By Jose Antonio Cheibub
This e-book addresses the subsequent query: why are presidential democracies likely to holiday down than parliamentary ones? traditional knowledge between political scientists issues to the incentives generated via the shape of presidency itself; the independence of the administrative and legislature that defines presidentialism generates incentives that aren't conducive to the consolidation of democracy. at the foundation of a knowledge set that covers all democracies among 1946 and 2002, this e-book demonstrates that this isn't the case: the incentives generated by means of presidentialism are as conducive to the consolidation of democracy because the ones generated through parliamentarism. The booklet argues that what kills presidentialism is the truth that it exists in nations the place democracies of any style usually are not prone to live on. This booklet can be of curiosity to educational researchers, graduates and complicated undergraduates enrolled in classes on comparative politics and political financial system.
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Extra info for Presidentialism, Parliamentarism, and Democracy
We need rules to assess whether the relevant ofﬁces are ﬁlled through elections as well as rules to assess whether elections are competitive. A regime is classiﬁed as a democracy if it meets the requirements stipulated in all of the following rules. 1. The chief executive must be elected. 2. The legislature must be elected. 1 2 An extensive comparison between the dichotomous classiﬁcation of political regimes adopted here and existing alternatives (such as the Freedom House and Polity measures) can be found in Cheibub and Gandhi (2006).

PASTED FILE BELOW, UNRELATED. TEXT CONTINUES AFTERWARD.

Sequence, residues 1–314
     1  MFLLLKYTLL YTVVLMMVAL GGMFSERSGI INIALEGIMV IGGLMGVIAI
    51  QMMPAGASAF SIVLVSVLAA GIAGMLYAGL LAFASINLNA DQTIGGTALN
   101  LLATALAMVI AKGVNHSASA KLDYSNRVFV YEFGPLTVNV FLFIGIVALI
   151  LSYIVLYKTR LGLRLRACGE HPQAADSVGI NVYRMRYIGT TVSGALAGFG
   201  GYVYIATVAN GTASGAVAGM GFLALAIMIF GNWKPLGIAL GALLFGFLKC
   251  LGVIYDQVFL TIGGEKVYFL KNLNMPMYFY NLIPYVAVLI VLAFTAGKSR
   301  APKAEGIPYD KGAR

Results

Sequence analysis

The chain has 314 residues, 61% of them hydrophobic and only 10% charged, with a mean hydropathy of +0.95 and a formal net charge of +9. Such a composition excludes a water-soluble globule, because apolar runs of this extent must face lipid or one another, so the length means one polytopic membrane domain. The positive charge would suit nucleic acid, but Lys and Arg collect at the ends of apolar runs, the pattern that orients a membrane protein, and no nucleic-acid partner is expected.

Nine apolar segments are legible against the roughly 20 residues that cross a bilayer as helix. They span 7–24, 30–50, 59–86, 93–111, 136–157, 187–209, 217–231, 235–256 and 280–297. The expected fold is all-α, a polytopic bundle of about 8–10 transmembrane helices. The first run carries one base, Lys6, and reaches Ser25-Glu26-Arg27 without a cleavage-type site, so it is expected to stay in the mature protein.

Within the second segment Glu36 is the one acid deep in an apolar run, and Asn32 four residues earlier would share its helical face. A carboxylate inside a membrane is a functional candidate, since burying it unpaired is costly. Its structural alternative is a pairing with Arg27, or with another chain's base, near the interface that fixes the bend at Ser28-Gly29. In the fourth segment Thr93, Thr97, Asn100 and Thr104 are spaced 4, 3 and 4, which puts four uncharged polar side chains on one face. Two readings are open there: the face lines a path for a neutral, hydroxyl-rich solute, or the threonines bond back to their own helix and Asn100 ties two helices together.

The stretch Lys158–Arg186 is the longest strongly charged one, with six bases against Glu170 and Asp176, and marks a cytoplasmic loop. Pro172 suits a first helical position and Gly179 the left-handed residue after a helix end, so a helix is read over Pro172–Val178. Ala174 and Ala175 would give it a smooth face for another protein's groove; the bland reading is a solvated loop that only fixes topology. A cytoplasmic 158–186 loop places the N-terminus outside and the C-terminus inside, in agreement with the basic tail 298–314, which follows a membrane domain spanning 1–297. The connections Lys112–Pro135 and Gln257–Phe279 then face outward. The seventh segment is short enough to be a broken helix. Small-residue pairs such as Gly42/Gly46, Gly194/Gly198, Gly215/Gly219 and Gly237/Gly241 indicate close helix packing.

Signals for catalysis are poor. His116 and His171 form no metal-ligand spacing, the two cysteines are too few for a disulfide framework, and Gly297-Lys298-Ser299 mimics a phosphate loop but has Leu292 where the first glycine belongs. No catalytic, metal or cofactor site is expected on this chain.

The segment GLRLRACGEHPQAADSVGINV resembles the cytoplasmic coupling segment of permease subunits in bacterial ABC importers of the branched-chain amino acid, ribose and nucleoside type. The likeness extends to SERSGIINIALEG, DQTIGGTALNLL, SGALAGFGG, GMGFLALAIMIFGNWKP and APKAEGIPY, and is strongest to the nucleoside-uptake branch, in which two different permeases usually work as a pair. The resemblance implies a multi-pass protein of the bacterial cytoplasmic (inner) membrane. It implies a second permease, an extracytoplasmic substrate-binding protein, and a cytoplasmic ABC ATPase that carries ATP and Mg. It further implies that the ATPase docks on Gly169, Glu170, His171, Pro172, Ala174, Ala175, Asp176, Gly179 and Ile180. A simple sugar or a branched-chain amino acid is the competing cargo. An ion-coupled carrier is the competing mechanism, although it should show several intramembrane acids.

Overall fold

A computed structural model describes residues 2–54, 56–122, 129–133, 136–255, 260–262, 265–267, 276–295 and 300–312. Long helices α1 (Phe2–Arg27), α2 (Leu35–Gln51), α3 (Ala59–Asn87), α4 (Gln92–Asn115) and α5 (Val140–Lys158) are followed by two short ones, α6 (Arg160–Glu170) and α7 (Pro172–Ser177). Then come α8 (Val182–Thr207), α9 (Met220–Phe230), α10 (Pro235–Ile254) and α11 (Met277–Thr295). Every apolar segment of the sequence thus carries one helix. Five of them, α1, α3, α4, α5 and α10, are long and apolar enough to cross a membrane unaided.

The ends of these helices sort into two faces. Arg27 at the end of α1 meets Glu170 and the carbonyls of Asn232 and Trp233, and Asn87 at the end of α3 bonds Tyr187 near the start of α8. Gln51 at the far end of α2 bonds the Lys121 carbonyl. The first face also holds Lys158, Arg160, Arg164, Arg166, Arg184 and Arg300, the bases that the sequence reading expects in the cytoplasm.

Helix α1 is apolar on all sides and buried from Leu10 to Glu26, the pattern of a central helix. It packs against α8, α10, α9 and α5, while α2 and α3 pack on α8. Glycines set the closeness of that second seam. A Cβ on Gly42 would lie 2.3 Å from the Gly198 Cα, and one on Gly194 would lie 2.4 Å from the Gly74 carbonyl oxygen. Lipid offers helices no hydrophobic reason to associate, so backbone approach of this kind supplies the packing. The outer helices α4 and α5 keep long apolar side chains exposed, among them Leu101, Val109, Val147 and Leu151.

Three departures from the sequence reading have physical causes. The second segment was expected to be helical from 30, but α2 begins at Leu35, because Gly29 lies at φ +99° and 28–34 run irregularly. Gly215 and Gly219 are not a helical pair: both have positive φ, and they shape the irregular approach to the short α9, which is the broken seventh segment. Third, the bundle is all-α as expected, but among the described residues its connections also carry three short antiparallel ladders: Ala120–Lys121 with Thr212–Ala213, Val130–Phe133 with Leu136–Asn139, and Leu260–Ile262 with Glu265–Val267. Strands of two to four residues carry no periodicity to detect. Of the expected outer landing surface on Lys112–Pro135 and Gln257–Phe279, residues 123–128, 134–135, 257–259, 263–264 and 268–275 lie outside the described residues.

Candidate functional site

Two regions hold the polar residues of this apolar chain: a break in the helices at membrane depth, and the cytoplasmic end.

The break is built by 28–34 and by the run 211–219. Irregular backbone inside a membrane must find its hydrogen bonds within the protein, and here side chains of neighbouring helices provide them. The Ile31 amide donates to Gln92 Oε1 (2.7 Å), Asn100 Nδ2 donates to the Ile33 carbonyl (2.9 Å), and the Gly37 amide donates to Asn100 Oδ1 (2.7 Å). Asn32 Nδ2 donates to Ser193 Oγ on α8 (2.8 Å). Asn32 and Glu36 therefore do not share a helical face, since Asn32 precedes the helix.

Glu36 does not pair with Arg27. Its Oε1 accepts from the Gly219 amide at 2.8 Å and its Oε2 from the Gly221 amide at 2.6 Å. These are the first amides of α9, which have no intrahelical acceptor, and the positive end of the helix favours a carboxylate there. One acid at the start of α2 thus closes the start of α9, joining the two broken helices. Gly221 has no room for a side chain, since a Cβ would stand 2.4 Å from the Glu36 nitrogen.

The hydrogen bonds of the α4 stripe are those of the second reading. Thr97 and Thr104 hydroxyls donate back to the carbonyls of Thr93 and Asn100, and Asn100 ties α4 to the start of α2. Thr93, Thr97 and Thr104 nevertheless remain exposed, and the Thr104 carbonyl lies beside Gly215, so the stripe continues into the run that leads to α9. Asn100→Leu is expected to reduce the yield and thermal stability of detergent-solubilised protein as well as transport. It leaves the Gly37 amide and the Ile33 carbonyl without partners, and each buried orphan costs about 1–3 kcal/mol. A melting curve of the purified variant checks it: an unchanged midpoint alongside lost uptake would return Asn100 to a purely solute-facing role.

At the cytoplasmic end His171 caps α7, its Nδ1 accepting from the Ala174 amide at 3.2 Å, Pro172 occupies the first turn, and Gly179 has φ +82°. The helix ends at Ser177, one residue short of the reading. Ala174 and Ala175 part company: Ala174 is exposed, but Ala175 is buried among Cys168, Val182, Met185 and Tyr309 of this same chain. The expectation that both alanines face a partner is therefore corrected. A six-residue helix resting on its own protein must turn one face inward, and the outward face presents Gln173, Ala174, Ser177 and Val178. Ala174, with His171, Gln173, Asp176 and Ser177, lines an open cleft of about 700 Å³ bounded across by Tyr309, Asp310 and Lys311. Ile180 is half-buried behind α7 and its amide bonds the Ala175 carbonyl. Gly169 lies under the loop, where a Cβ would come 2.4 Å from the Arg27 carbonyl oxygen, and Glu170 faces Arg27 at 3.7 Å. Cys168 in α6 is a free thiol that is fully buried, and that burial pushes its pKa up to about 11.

1. Is there an independently elected president? 2. Is the government responsible to the assembly? 3. Is the government responsible to the president? After providing operational criteria for answering these questions – most importantly, for deciding about government responsibility to the assembly and to the president – I classify the constitutional framework of all democratic systems that have existed between 1946 and 2002. This amounts to 135 countries observed 15 Presidentialism, Parliamentarism, and Democracy over a total of 3,382 years and constitutes the basic data to be used for empirical analyses throughout the book.
Since by design there is no connection between legislative activities and the survival of the government in ofﬁce, parties and legislators have few incentives to cooperate with one another to assure the government’s continued existence. Note that my goal is not to argue that party discipline is higher, or at least as high, in presidential as in parliamentary democracies. I grant from the start that, were we able to compare this feature across the two systems (which is inherently difﬁcult, if not impossible), we would probably ﬁnd that average levels of party discipline are indeed higher under parliamentary democracies than under presidential democracies.